“Jack.” They closed the distance between them and embraced tightly. Over her shoulder, he watched Hobbes push both Lisa and Ryan into the kitchen, out of sight.

He remained silent for a long time, committing this moment to memory. The feel of her body against his, the smell of her skin, the rhythm of her breath. In case it never happened again, in case she was one day gone forever, he wanted to remember everything about her. “I’m sorry,” he whispered into her hair. “I thought you were – that you had…”

She pulled back and for a fleeting moment held his face in her hands. “I’m here, I’m fine.”

“What happened?”

“Anna has requested that all suspected Fifth Column members be brought to the mothership alive for … questioning.” Questioning meant torture, and he blanched at the thought of harm coming to her. She noticed his expression and shook her head. “No. My role in the resistance is intact.”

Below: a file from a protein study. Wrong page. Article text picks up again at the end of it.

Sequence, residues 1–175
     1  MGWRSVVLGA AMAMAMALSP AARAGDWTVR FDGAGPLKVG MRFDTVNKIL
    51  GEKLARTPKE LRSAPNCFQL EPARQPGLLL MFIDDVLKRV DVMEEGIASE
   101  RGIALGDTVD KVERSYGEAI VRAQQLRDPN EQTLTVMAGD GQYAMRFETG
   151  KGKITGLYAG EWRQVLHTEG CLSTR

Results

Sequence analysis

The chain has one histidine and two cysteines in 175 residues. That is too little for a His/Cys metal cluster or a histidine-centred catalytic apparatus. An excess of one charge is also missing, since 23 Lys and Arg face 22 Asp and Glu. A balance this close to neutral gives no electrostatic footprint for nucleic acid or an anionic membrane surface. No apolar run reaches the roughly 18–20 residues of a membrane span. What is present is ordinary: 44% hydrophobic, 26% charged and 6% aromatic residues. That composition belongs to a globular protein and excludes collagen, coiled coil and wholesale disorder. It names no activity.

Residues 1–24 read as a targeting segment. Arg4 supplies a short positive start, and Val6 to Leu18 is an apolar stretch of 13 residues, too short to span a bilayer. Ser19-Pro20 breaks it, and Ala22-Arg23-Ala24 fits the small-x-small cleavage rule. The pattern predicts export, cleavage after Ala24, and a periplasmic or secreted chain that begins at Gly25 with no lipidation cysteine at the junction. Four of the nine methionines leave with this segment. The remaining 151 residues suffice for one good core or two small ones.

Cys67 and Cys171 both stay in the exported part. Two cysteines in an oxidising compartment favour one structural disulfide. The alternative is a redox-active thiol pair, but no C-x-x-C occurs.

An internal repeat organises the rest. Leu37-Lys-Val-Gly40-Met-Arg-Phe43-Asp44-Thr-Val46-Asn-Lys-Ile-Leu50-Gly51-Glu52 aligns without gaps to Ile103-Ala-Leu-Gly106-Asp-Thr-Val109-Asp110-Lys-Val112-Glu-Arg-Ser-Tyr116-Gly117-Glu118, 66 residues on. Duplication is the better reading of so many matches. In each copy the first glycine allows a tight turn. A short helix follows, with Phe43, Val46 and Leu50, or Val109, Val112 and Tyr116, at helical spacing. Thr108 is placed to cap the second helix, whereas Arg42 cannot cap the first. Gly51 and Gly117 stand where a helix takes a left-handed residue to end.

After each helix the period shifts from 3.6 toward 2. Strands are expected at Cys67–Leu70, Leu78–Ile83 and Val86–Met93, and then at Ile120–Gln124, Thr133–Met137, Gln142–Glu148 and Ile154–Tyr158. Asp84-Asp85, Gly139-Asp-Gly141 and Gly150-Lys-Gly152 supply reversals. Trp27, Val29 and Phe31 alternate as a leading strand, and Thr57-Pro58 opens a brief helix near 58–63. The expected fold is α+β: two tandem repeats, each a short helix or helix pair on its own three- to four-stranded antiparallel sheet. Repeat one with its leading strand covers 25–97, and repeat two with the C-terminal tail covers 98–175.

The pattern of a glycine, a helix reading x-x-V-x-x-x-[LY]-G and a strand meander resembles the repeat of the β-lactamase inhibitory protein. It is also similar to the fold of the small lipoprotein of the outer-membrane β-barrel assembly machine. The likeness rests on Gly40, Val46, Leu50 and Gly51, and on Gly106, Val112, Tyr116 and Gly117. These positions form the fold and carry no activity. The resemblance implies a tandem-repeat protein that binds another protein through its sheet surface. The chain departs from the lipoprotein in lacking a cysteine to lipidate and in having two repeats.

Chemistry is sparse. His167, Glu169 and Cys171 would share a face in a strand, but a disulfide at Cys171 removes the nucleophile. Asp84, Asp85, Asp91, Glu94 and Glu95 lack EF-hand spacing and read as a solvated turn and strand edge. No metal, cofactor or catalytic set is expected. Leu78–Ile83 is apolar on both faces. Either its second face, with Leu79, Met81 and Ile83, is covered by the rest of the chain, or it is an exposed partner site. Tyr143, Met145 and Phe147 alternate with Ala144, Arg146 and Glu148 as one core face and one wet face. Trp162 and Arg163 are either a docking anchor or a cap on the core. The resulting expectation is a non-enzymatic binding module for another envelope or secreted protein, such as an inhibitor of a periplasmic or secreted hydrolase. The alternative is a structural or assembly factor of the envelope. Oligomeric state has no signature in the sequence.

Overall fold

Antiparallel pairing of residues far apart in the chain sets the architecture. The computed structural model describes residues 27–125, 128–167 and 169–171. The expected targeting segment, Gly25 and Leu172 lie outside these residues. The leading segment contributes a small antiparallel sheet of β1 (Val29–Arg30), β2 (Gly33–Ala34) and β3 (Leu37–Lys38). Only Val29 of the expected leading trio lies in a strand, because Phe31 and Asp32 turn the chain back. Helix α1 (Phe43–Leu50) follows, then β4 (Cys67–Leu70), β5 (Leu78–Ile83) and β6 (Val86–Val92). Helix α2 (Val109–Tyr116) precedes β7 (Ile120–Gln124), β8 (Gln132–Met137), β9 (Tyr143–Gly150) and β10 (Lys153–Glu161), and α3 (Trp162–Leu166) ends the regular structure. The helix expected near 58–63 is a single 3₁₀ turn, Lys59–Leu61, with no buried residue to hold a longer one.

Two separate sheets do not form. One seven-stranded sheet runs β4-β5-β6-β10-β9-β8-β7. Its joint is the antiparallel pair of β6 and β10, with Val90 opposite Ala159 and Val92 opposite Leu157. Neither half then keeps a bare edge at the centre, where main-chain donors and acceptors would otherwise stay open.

“What about all the blood we found at the warehouse? The sounds Hobbes heard over the phone?” A quick once-over revealed no signs of any bruising, not even a bandage. He swallowed hard to quell the tremor in his voice. “Did he hurt you?”

“He smashed my face into the cement floor, broke just about every bone there.”

That shocked him. She seemed physically fine, no different from any other day – and certainly not like a woman who had suffered from that kind of violence. But the casual tone of her voice haunted him. She wasn’t fine, and they both knew it. “Oh, Erica…”

“Actually, I have you to thank for my life. If you hadn’t contacted Tyler, it could have been much worse. After he spoke to you, he told Lisa what had happened, and she took him to see Anna.” Erica’s lips curled into a small, sad smile. “Of course, any harm done to me by a Visitor would definitely push Tyler away, and she couldn’t have that. So she demanded that I be brought to the ship immediately. And while I was being patched up in the medical bay, the Visitor was being skinned.”